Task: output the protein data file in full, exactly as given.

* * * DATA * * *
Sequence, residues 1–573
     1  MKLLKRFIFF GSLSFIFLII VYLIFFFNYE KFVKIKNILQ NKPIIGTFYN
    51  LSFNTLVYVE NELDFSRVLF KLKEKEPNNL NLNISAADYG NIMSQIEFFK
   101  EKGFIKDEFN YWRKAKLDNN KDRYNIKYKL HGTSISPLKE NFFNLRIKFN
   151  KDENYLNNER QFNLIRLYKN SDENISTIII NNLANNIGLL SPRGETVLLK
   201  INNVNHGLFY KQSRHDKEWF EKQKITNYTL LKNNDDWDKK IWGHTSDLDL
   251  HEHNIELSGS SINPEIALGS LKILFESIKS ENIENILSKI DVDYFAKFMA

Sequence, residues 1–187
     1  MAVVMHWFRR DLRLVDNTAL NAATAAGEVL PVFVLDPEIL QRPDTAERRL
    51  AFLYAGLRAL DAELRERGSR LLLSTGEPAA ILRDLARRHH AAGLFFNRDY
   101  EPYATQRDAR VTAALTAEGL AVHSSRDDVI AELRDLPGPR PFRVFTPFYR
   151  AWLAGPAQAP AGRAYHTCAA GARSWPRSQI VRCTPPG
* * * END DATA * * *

Sequence, residues 1–573
     1  MKLLKRFIFF GSLSFIFLII VYLIFFFNYE KFVKIKNILQ NKPIIGTFYN
    51  LSFNTLVYVE NELDFSRVLF KLKEKEPNNL NLNISAADYG NIMSQIEFFK
   101  EKGFIKDEFN YWRKAKLDNN KDRYNIKYKL HGTSISPLKE NFFNLRIKFN
   151  KDENYLNNER QFNLIRLYKN SDENISTIII NNLANNIGLL SPRGETVLLK
   201  INNVNHGLFY KQSRHDKEWF EKQKITNYTL LKNNDDWDKK IWGHTSDLDL
   251  HEHNIELSGS SINPEIALGS LKILFESIKS ENIENILSKI DVDYFAKFMA

Sequence, residues 1–187
     1  MAVVMHWFRR DLRLVDNTAL NAATAAGEVL PVFVLDPEIL QRPDTAERRL
    51  AFLYAGLRAL DAELRERGSR LLLSTGEPAA ILRDLARRHH AAGLFFNRDY
   101  EPYATQRDAR VTAALTAEGL AVHSSRDDVI AELRDLPGPR PFRVFTPFYR
   151  AWLAGPAQAP AGRAYHTCAA GARSWPRSQI VRCTPPG